In a social historical analysis in Chapter 5, Glowacki-Dudka and Helvie-Mason locate adult education at the margins of the university and society. Their work speaks to readers concerned with assaults on academic adult education. Glowacki-Dudka and Helvie-Mason reflect on purposes and goals of adult education tied to the dichotomy of adult education as social education and as a professionalized practice. For readers concerned that adult education is a weather vane responding to social, cultural, and economic change forces, their analysis leads to a hopeful conclusion: While adult education is a marginalized enterprise, it can be energized by the field's natural tendencies toward collectivity, flexibility, and diversity.
Johnson-Bailey's Chapter 6 parallels themes in Locke's analysis. She explores the steady and committed participation of African Americans in adult education, surveying available research on the sociopolitical and cultural aspects of this educational movement. In particular, she focuses on African-American involvement in the Harlem Renaissance (1920–1945). Themes emerging from her study include education for assimilation (linked to addressing the Black “problem”); education for cultural survival (associated with Black efforts to build self-esteem and cultural importance in the context of nation); and education for resistance (focused on minority rights and addressing injustices). For educators and learners who may think adult education is neutral, Johnson-Bailey's article challenges them to interrogate the field's political nature and the ways that modern practice has been exclusionary.
Any reflection on the foundations of adult education ought to include a focus on ethical issues and practices. In Chapter 7, Gordon and Sork consider arguments for and against the development of codes of ethics across professional practices. They compare views of Canadian and U.S. adult educational practitioners regarding the scope and functions of codes of ethics. They survey practitioner encounters with ethical issues and dilemmas, listing frequently cited issues like confidentiality and learner-adult educator relationships. Gordon and Sork's research will have import for reflective practitioners grappling with codes of ethics, attitudes toward them, and their implications for the field of study and practice.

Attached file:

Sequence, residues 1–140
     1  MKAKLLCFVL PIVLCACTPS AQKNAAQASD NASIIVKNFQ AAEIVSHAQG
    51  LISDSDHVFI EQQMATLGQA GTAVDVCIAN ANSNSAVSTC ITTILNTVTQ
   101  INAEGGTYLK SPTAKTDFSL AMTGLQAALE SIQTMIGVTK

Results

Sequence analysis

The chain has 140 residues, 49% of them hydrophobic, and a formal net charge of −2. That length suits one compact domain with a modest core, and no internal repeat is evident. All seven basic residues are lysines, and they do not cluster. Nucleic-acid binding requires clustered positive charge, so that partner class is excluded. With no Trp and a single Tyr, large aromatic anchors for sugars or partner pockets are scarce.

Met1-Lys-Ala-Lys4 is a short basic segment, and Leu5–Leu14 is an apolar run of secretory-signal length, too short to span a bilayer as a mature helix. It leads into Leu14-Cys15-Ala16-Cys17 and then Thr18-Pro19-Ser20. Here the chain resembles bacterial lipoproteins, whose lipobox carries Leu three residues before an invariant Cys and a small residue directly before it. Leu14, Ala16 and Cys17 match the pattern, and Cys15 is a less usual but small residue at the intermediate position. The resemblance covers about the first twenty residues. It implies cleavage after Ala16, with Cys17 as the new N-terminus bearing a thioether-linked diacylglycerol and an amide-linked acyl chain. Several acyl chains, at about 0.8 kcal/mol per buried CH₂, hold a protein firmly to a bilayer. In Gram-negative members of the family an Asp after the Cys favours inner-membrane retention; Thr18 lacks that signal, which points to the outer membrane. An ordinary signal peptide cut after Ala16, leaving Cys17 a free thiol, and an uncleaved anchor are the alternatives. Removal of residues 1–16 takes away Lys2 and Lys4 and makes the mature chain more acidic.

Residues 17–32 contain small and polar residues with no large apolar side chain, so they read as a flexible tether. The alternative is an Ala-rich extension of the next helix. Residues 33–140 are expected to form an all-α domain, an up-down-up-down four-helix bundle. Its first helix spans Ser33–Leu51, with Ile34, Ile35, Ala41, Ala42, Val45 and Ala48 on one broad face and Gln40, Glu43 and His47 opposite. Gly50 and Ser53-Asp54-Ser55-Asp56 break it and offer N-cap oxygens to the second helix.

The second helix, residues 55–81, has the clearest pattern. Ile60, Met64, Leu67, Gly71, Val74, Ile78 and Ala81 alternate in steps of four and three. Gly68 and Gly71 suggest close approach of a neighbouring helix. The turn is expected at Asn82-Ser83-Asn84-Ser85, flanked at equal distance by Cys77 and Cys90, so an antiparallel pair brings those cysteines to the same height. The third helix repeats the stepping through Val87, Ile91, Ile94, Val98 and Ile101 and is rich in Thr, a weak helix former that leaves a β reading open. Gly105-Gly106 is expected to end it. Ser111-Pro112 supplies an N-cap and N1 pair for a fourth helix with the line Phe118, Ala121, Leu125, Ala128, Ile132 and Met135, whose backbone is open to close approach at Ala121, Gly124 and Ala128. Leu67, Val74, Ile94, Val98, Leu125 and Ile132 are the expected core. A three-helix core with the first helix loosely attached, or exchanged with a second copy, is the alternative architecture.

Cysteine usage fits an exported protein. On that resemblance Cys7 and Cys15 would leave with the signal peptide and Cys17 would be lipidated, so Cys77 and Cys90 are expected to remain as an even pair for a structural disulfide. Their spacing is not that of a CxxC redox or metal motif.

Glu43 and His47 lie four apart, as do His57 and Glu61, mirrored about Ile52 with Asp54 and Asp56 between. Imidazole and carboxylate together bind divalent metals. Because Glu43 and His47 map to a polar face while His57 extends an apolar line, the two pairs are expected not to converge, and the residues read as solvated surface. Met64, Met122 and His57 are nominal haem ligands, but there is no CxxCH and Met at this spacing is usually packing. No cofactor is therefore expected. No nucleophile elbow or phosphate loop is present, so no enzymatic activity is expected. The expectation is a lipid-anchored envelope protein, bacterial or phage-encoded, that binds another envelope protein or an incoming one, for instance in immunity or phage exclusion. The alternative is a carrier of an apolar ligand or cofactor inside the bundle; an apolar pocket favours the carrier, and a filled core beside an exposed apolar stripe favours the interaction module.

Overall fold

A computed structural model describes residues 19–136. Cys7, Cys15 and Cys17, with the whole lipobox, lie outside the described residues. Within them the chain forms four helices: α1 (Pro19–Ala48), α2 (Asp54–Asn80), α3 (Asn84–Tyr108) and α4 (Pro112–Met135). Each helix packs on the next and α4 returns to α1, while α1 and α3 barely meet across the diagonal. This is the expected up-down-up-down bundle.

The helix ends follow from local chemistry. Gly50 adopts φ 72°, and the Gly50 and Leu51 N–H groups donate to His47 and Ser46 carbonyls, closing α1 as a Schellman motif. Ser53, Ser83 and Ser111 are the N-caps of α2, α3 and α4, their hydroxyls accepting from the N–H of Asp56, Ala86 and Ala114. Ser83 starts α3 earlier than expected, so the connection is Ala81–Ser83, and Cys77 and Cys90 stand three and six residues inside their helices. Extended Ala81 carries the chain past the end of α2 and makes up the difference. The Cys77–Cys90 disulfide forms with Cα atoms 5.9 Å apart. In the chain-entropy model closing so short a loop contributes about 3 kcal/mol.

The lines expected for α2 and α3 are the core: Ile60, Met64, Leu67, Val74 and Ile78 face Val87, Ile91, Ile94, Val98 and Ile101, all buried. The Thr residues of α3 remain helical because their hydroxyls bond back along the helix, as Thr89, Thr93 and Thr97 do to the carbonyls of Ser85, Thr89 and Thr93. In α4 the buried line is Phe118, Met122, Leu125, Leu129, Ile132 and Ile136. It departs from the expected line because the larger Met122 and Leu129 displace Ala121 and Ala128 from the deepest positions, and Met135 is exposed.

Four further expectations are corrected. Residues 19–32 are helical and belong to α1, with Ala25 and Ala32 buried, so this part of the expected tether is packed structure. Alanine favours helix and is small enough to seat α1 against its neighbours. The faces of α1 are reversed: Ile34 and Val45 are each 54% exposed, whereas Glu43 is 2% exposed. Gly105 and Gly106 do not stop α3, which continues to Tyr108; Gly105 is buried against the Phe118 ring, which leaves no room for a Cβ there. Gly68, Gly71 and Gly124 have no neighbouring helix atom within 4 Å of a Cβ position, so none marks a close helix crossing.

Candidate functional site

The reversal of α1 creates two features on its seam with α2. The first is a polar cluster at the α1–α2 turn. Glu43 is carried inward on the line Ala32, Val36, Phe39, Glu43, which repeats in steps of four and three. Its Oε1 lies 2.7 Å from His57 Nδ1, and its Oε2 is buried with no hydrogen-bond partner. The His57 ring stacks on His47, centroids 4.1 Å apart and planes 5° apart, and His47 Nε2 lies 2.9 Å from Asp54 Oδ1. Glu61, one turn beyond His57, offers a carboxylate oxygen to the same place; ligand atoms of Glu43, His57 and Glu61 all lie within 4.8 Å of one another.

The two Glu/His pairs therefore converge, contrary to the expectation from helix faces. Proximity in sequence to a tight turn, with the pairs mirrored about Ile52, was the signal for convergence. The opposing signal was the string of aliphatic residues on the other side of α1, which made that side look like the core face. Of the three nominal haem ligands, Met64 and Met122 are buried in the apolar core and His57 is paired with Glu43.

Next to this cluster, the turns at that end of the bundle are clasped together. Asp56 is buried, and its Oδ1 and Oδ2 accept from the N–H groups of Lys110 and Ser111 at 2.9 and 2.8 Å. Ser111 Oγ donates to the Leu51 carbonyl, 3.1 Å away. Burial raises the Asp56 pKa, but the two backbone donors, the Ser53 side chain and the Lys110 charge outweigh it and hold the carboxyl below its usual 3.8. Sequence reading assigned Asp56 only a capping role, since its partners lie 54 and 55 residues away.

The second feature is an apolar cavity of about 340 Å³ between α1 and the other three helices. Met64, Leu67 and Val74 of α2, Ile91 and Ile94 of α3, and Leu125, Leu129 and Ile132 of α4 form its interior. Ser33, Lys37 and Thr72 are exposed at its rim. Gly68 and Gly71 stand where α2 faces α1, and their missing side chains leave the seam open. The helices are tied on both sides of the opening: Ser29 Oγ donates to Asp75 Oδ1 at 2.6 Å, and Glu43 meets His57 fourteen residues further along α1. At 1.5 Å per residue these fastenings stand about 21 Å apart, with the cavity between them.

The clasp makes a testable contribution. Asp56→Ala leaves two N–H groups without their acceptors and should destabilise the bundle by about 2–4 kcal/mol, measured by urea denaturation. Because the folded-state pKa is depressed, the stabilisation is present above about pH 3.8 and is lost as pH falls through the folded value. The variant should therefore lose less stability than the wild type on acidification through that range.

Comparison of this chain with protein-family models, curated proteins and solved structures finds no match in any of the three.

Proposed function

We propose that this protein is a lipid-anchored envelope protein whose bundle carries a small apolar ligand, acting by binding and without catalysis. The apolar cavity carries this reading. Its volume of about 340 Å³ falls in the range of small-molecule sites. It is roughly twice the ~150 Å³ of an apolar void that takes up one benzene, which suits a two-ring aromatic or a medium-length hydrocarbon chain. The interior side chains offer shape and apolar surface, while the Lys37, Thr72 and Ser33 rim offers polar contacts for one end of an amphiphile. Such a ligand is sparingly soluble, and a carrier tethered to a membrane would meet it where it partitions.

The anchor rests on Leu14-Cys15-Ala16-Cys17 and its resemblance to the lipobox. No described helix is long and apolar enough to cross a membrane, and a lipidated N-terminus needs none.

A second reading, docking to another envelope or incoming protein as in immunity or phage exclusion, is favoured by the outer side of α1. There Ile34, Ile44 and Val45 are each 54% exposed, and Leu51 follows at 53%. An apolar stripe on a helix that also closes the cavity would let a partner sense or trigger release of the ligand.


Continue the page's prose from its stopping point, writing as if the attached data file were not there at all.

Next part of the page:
As the selections in this section demonstrate, traditional adult education has been marked by a commitment to education for social purposes. The social history of the field reminds us of a long-standing critical concern with issues of democracy, freedom, social justice, and ethics. Sometimes these issues have been sidelined in instrumental moves to professionalize modern practice. We hope that readers consider the selections in this section to be an appetizer for further engagement with the foundations of adult education.
For Reflection and Discussion
1. Inspired by the theme living and learning for a viable future: the power of adult learning, the UNESCO-sponsored Sixth International Conference on Adult Education (CONFINTEA VI) was held in Bélem do Pará, Brazil, December 1–4, 2009. CONFINTEA VI noted that a significant portion of adult learning and education is deeply rooted in everyday life, local contexts, and grassroots initiatives focused on addressing social, cultural, and environmental challenges (UIL, 2010). Provide some examples of such contemporary adult education from your own knowledge and experience. How does adult education today compare to ways it was constructed in the historical articles in this section?
2. While CONFINTEA VI positioned diversity as a necessity in adult learning and education, does it exacerbate field fragmentation? Are there ways to value diversity and still describe the field as strong, coherent, and organized?